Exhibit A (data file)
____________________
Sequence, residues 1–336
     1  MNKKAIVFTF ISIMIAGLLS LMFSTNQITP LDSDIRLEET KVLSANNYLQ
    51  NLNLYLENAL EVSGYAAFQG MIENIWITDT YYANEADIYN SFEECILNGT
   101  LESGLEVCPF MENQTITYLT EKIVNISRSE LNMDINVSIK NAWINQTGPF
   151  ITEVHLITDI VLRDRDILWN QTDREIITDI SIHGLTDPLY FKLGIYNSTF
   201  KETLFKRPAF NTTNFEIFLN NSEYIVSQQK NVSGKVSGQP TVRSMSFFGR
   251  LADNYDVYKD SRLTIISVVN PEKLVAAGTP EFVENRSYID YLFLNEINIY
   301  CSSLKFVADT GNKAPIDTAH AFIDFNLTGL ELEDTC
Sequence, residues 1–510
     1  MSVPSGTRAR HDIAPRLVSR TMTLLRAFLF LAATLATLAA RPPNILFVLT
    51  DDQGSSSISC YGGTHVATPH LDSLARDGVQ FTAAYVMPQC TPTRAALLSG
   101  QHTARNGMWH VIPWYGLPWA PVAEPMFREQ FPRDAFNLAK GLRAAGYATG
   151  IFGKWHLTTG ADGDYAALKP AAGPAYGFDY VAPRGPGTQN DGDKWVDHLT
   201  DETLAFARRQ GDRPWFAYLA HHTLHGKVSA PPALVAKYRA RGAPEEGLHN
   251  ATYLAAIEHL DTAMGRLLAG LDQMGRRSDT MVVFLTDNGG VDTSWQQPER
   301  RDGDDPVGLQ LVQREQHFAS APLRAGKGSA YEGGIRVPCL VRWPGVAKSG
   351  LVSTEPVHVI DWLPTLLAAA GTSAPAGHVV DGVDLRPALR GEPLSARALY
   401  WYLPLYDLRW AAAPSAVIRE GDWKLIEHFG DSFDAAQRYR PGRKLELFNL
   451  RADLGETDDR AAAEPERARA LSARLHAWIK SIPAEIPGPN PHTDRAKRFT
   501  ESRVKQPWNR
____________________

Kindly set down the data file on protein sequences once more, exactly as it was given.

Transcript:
Sequence, residues 1–336
     1  MNKKAIVFTF ISIMIAGLLS LMFSTNQITP LDSDIRLEET KVLSANNYLQ
    51  NLNLYLENAL EVSGYAAFQG MIENIWITDT YYANEADIYN SFEECILNGT
   101  LESGLEVCPF MENQTITYLT EKIVNISRSE LNMDINVSIK NAWINQTGPF
   151  ITEVHLITDI VLRDRDILWN QTDREIITDI SIHGLTDPLY FKLGIYNSTF
   201  KETLFKRPAF NTTNFEIFLN NSEYIVSQQK NVSGKVSGQP TVRSMSFFGR
   251  LADNYDVYKD SRLTIISVVN PEKLVAAGTP EFVENRSYID YLFLNEINIY
   301  CSSLKFVADT GNKAPIDTAH AFIDFNLTGL ELEDTC
Sequence, residues 1–510
     1  MSVPSGTRAR HDIAPRLVSR TMTLLRAFLF LAATLATLAA RPPNILFVLT
    51  DDQGSSSISC YGGTHVATPH LDSLARDGVQ FTAAYVMPQC TPTRAALLSG
   101  QHTARNGMWH VIPWYGLPWA PVAEPMFREQ FPRDAFNLAK GLRAAGYATG
   151  IFGKWHLTTG ADGDYAALKP AAGPAYGFDY VAPRGPGTQN DGDKWVDHLT
   201  DETLAFARRQ GDRPWFAYLA HHTLHGKVSA PPALVAKYRA RGAPEEGLHN
   251  ATYLAAIEHL DTAMGRLLAG LDQMGRRSDT MVVFLTDNGG VDTSWQQPER
   301  RDGDDPVGLQ LVQREQHFAS APLRAGKGSA YEGGIRVPCL VRWPGVAKSG
   351  LVSTEPVHVI DWLPTLLAAA GTSAPAGHVV DGVDLRPALR GEPLSARALY
   401  WYLPLYDLRW AAAPSAVIRE GDWKLIEHFG DSFDAAQRYR PGRKLELFNL
   451  RADLGETDDR AAAEPERARA LSARLHAWIK SIPAEIPGPN PHTDRAKRFT
   501  ESRVKQPWNR